There’s safety in numbers when traveling some of Mexico’s highways, which was why Mexicans living in the United States chose to join a convoy to Zacatecas on the weekend.
Federal Police and Green Angels met the 70 vehicles — loaded down with family members, Christmas presents and even furniture for relatives in Mexico — at the San Jerónimo-Santa Teresa border crossing between Chihuahua and New Mexico, and headed south for Zacatecas.
The initiative is intended to provide safe passage for Mexicans living in the U.S. and avoid extortion and other dangers.
For José Fernández of San Francisco, California, it’s all about safety, though he said if something is meant to happen, it will. But if a driver has a flat tire or mechanical problem, he said, there’s help at hand after which everyone continues the journey.
Their departure was not without fanfare. Officials from the National Immigration Institute (INM) and state politicians from Zacatecas were on hand to give the visitors a sendoff on their journey of more than 1,000 kilometers.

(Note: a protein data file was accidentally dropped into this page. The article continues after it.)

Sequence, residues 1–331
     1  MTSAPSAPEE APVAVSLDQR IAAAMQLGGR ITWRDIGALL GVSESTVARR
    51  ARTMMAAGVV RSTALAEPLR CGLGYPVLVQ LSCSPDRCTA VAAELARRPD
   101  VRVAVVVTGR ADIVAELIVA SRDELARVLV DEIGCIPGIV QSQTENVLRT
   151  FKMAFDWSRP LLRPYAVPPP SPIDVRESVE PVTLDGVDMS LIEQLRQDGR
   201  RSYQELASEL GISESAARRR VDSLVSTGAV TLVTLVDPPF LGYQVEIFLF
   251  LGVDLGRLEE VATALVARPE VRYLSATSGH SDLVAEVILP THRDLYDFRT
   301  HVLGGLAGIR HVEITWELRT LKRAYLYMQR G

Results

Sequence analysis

Joining the convoy for the first 40 kilometers, as far as the Samalayuca desert, were agents of Grupo Beta, or Beta Group, and Programa Paisano, or Fellow Citizens’ Program, both part of the INM and designed to aid migrants and Mexican citizens traveling from the U.S., respectively.
Members of the convoy were among 70,000 Mexicans living in the U.S. who have already crossed the border into Chihuahua for the Christmas season, a segment of travelers whose numbers have risen 60% in the past five years. The state Economy Secretariat said they will mean an economic benefit of more than 140 million pesos this year.
There were long waits at the border crossing on Saturday, when vehicles were backed up for eight kilometers on the U.S. side.
The wait time to cross into Mexico was three hours or more.
Convoys have been standard practice for a few years between border cities in Tamaulipas and Ciudad Victoria in the south of the state.